Federal Legislative Update
Posted Friday February 02, 2018
The CEO Council for Growth (CEO Council) leads our region forward by envisioning a stronger, more competitive community, convening decision-makers, taking action, and advocating for policies and practices that strengthen our regional economy. The CEO Council is committed to enhancing economic growth and prosperity in our region through regional and national policy. This update summarizes recent congressional activity as it relates to the identified priorities of the CEO Council.
On January 22, 2018, Congress passed a Continuing Resolution (CR) to keep the government funded through February 8, 2018 and end a three-day government shutdown. The CR also reauthorized the Children’s Health Insurance Program for six years, delayed the Cadillac Tax until 2022, and addressed the following key health care issues that are seen as critical to our regional economy.
- Two-year suspension from January 1, 2018 to January 1, 2020 of the medical device excise tax, which unfairly targets an important industry to Greater Philadelphia by taxing medical device sales regardless of profitability. The tax stifles innovation by increasing the effective tax rate for many medical technology companies, thereby reducing financial resources that should be used for R&D, clinical trials, and investments in manufacturing.
- A one-year suspension of the Health Insurance Tax (HIT) up to January 1, 2019. If Congress failed to act, HIT would have driven up premiums for large employers, small businesses, families, seniors, and individuals. The one-year delay of HIT provides direct relief for families and businesses that otherwise would have seen their premiums jump as much as $500 for family coverage.
Budget & Appropriations
As Congress continues to work towards a FY18 Omnibus Appropriations Bill, we urge our congressional delegation to consider the region’s highest-priority appropriations requests as determined by our CEO Council members. We believe that federal investment in these sectors of our regional economy ensures tremendous economic return as well as innovations and breakthroughs that will provide for a better quality of life not only for the residents of northern Delaware, southern New Jersey, and southeastern Pennsylvania but also the nation as a whole.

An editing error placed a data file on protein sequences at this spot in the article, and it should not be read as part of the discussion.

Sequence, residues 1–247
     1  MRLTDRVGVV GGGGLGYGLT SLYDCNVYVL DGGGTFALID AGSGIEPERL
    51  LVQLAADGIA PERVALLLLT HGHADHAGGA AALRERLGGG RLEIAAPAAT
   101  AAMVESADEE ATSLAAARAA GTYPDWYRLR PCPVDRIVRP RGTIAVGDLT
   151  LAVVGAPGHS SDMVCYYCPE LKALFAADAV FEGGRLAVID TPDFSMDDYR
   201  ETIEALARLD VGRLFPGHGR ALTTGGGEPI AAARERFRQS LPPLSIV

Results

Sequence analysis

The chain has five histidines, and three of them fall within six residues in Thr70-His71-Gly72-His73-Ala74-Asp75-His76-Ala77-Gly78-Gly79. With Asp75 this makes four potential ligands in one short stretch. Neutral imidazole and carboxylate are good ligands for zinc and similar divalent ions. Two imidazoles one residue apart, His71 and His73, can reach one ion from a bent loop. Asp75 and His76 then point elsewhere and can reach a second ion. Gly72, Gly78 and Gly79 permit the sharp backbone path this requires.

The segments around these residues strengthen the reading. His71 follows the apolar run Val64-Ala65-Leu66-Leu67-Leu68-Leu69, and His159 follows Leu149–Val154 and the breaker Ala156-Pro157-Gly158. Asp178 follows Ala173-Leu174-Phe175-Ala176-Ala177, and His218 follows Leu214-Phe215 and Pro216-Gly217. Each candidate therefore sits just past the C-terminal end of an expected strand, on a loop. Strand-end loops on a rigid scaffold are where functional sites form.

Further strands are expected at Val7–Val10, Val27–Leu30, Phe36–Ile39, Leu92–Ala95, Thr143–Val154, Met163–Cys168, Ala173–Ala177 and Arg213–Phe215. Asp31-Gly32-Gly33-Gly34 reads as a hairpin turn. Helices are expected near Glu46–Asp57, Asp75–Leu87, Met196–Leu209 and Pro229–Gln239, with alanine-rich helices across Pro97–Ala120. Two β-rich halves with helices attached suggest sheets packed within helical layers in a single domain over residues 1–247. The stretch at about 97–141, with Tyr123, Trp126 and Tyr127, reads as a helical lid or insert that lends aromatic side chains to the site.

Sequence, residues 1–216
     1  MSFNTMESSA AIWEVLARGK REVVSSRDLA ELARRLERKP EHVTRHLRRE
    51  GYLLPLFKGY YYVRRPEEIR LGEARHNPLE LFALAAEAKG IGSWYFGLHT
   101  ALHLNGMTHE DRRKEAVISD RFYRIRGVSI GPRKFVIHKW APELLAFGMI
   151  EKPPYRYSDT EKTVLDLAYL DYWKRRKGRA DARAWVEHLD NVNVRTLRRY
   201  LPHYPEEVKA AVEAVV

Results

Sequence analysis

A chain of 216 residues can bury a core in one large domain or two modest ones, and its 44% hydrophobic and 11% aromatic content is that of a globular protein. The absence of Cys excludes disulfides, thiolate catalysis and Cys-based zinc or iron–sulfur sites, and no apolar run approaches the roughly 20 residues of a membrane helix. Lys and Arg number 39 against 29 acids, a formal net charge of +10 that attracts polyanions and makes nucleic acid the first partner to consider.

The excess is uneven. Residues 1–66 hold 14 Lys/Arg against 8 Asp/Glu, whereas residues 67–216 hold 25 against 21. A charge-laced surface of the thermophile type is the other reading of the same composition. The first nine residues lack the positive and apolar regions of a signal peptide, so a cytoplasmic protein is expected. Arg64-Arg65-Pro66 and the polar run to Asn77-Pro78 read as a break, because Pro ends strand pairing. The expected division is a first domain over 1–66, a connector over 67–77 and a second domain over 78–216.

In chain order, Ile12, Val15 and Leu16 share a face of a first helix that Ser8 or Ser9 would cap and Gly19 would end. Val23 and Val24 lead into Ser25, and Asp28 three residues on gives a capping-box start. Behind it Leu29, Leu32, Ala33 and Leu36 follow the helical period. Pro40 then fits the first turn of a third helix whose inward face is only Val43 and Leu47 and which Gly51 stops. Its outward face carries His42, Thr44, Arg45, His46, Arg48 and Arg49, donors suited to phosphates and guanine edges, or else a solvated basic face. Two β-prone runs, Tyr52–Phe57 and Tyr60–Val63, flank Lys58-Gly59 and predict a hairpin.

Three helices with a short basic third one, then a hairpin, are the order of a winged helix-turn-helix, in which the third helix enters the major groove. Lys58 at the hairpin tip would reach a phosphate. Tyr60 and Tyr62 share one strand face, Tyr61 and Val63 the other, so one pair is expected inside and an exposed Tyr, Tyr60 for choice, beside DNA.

1. Federal Funding for Research
Research in our region is leading to major breakthroughs in innovation, new technologies, life-saving medical treatments, and regional job growth. The federal government’s increased federal funding for research above inflation levels is key to advancing our economy and global competitiveness.
The CEO Council is a member of a broad-based coalition of 75 business organizations across the country called “Business for Federal Research Funding,” which brings increased focus to research funding. In an October 26, 2017 letter to Senate and House leadership, the Business for Federal Research Funding Coalition pushed for an agreement to raise spending caps and allow the appropriations process to proceed.
The CEO Council urges leadership to arrive at an agreement that would enable spending levels in the U.S. Senate Appropriations Committee’s FY18 Labor, Health and Human Services, and Education Appropriations bill, which would provide the National Institutes of Health (NIH) with $36.1 billion, an increase of $2 billion above last year’s level, and almost a billion more than approved by the House Appropriations Committee.
Additionally, we urge our congressional delegation to consider the following language submissions that will accelerate market entry and lead to disruptive breakthroughs:
- Enable and increase the allocation of federal grant funds to small businesses for commercialization activities. Currently, grantees are prohibited from utilizing their grants to fund critical commercialization efforts that enable them to attract private capital and accelerate their market entry;
- Expand the definition of eligible recipients to include organizations that facilitate and accelerate commercialization of technologies that are developed at research institutions; and